Author's Note: I borrowed the idea for this story from Garth Brooks' 'More Than A Memory'. Don't forget the tissues…

Timeframe: Eleventh in the 'Incompatible' series. Post- 'Doomsday'.

Summary: Sometimes he finds himself in London, early twenty-first century. It's so second nature for him to simply punch in the date and location that it startles him when, every time, he stops and stares at such a familiar location as if it should have been erased from existence with her.

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More Than a Memory

He doesn't sleep anymore. Not that he did much before but now- now, every time he closes his eyes and lets exhaustion tense his body, he dreams of her. Her voice echoes in his mind; her image haunts his dreams.

Instead he stays awake, forces his eyes open and his mind to stay sharp. Instead he works harder and travels faster. Instead he finds adventure after adventure, world after world to save, to fill his time with adrenaline and excitement to keep him from going insane.

Sometimes he finds himself in London, early twenty-first century. It's so second nature for him to simply punch in the date and location that it startles him when, every time, he stops and stares at such a familiar location as if it should have been erased from existence with her.

But it hasn't, and that's the worst part about it. Because he knows it's there any time the notion strikes him to see her again. Because he can, he knows he can, but he also knows that he shouldn't- that he can't.

He knows that even as he dials the code and brings himself one number away from going to her. He knows that even as he takes other people to the same places that he took her to, tormenting himself with the ghosts of her memory.

Shaving's become an effort, he finds. He does, to keep up appearances, to pretend that everything's okay. That's why he baths when he knows his companion's about to wake. He baths and he dresses, he gels his hair and shaves away the stubble that makes him look like he doesn't care. He takes the time to impress, to be impressive. Because he needs to be when other people are around.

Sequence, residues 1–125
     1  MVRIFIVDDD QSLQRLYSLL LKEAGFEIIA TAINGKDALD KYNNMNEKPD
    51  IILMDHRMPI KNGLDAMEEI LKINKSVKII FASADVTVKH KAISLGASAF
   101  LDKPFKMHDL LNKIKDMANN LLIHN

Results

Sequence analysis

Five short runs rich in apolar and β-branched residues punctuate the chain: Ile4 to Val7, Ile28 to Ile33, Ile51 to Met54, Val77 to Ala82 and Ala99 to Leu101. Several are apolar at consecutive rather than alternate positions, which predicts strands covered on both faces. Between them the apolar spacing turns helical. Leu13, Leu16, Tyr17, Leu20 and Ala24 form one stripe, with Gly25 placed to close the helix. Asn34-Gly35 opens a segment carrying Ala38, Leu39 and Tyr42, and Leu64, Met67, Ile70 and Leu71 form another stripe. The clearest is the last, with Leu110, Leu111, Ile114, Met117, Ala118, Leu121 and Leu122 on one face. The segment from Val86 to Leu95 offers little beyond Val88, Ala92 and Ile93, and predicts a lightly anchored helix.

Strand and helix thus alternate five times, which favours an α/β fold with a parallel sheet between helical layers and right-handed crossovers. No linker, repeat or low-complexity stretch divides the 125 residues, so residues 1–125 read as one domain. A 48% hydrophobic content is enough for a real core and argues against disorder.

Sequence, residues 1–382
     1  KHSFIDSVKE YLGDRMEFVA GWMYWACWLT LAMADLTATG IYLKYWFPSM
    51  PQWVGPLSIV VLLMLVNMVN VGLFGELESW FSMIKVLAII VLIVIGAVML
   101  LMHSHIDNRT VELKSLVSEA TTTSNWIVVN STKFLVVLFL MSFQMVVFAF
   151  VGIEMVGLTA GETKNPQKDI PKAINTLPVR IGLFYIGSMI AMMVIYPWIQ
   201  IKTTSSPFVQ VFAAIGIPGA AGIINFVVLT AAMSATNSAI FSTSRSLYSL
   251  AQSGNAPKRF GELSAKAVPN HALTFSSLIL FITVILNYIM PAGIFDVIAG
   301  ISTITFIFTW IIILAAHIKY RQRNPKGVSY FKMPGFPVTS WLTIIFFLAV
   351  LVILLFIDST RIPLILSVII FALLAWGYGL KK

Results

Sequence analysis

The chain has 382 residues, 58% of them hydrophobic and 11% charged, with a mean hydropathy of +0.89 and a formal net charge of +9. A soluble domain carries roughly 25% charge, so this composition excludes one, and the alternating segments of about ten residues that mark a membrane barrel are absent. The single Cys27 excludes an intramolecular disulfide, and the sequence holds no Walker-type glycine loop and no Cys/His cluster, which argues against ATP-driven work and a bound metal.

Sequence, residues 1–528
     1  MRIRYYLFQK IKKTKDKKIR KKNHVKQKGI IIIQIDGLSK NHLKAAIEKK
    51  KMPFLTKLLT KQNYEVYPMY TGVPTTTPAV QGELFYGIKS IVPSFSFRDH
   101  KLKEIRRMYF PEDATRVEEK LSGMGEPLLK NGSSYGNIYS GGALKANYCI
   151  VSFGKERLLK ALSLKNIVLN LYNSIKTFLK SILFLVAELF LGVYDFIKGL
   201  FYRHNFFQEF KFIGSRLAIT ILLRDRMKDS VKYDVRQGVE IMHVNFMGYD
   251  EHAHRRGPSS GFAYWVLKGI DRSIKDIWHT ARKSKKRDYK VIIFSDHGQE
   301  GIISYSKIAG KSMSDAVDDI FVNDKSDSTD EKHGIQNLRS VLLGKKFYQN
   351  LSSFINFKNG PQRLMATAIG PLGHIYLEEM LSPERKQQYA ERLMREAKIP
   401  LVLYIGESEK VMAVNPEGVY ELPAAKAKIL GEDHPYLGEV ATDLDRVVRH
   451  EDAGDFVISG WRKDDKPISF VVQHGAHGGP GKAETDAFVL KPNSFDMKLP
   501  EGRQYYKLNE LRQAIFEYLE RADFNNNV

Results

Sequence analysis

But when they aren't there, when he's alone in the soundless halls, when the comforting song of his TARDIS sounds like a funeral dirge to his ears, that's when he goes a bit mad. That's when his hair grows wild and his face becomes marred with an unbecoming beard. That's when he saves the world in a rumpled and stained shirt because he hopes, in some dark corner of his mind, that it'll be his last adventure.

That's when he sees her, just out of the corner of his eye. That's when he remembers not to look for her, or at her, just to let her come to him. That's when he talks to her, tells her about his latest adventure or latest companion. Tells her what he should have said years ago. He doesn't tell her that he's slowly dying inside. Doesn't tell her that it's through sheer force of will that keeps him moving. But she knows, she sees it. And she scolds him for it.

That's when he shakes his head and clears his mind of her. She's not real. She's gone. And that's it.

He's got to move on.

It's only when she visits him that he cleans himself up and moves on. Only then does he try to impress, try to live. Just for her, he tries. For this perfect memory of Rose, he tries to have a fantastic life.

He tries.

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Next up is 'The Christmas Drabbles'.